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Climbing Sydney Harbour Bridge

New Year’s Eve and one of the best moments of my life: dusk was gathering and Pauline and I were on a little boat taxi hopping and skipping over green waves in Sydney Harbour. We skimmed past luxurious yachts packed with glamorous revellers in silks and satins, the waft of their perfume and cigars smoke drifting to us on a warm breeze. Further on, there were smaller craft packed with teen partygoers gulping down cheap beer, rocking with cheap laughs and looking forward to some lurid lusting .

Sydney Harbour Bridge, a green metal monster suspended by two huge granite pillars, suddenly loomed over us. Everyone on our boat fell quiet and simply stared above them, the way people do when they see great things. A few minutes later we had turned around towards Circular Quay, buffeted by waves and lost in thought.

Later that week Pauline bought us two tickets for the Sydney Bridge climb-at 7 the following Saturday evening we reported for duty. Apprehension had taken over as Saturday approached and I could not eat a morsel on the day itself. As we approached the climb’s starting point I saw any number of young weekenders drifting into the local pubs and restaurants. How I envied them that night-glorious food, cold drinks, and gentle leg pulling was to be their lot that evening-a date with unbridled fear was mine. Worse again, I was paying for the privilege. .

“You’ll be right”. Zak, our escort on the climb, was talking us through the drill in a training area as we changed into our climbing suits. “This clip here”-less a clip, more a hairpin-“is secured to a rail along the side of the Bridge. Just run it along the rail as you walk and you’ll be right”. “But Zak, what if the ring and the harness don’t support my weight? “ Don’t worry Tone’, you’ll be right ”.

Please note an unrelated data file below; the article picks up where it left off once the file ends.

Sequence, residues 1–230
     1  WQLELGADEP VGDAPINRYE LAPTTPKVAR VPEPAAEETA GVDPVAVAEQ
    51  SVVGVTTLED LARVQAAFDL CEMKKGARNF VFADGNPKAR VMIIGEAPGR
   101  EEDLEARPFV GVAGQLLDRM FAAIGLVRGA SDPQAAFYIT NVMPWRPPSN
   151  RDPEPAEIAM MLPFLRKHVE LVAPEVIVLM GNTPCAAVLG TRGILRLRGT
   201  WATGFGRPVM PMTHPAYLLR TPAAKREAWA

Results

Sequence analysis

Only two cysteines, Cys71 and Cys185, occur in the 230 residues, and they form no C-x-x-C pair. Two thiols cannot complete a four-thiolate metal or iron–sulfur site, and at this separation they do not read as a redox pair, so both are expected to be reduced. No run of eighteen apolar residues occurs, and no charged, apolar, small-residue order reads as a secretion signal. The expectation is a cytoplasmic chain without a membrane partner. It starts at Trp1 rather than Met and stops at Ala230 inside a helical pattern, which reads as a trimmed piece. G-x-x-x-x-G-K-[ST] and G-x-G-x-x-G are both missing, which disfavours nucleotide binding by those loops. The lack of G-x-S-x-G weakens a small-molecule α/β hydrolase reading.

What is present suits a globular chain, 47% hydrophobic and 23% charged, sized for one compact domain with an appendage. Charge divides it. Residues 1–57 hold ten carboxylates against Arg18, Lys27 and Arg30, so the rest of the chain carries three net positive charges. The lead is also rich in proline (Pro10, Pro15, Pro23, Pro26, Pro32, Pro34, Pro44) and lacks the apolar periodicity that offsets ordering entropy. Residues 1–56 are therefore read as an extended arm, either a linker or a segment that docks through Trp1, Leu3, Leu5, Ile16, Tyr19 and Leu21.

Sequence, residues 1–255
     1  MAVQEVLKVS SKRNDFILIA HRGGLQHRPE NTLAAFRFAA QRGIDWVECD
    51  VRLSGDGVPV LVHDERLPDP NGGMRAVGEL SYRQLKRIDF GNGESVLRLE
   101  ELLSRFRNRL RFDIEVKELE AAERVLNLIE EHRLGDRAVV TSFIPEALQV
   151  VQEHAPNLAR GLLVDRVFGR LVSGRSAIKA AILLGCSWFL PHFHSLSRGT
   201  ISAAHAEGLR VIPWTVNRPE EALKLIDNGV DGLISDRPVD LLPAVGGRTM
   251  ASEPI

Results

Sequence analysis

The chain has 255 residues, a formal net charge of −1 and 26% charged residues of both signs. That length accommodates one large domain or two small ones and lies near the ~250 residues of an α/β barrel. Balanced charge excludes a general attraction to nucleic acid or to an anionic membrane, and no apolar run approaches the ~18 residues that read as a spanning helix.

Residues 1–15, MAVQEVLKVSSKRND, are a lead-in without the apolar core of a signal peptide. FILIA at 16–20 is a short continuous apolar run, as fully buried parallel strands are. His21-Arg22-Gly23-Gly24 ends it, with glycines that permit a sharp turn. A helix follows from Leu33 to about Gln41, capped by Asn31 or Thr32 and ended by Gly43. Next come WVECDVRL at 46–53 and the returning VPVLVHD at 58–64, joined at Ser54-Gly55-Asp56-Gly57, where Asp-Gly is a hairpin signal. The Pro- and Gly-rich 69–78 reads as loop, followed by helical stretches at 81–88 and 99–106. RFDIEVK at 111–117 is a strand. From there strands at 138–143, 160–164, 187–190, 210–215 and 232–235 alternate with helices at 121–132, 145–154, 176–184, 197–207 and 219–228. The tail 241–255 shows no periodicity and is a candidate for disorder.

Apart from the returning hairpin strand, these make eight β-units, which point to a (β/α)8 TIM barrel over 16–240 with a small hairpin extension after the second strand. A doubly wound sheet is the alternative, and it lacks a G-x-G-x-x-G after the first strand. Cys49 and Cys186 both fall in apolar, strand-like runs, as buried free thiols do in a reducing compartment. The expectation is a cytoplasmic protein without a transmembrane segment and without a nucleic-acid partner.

It was a pleasantly cool evening but unfortunately it was also pitch dark. This made the first part of the climb- towards the foot of the bridge’s suspension -a nightmare. We were passing along metal stairs, ladders and runways suspended miles above Sydney’s highways and byways. Under our feet was metal grilling through which we could see a big drop to the ground. I also had problems looping my safety clip though the rails and most of the time I simply stared ahead and ground forward like some middle aged Frankenstein.

A hellish half hour later we began to climb the Bridge’s suspension. It was not quite tightrope walking but it was close enough to it. The climb’s pathway could only take single file so I hovered at the back of the queue, gripping my safety clip for dear life. Up and up we went and I stole the occasional glance over the side of the Bridge and out into the distance. All I could see were black waves in the Harbour and mocking lights winking from skyscrapers. Zak yapped away about all of the sights and sounds-every now and then he’d call out “y’alright  Tone?” just to make sure I was still hanging on.

At the peak of the Bridge Zak pointed out the Opera House where a fireworks display was in full swing. It was the first time I looked down over fireworks. An ocean liner cruised silently beneath the Bridge as we posed for the obligatory group photo. “Come on Tone’, give us a smile. You’ll be right.”  As he snapped away I just about managed a weak grin, as I realised our descent would begin in a few minutes.

My life could begin again.

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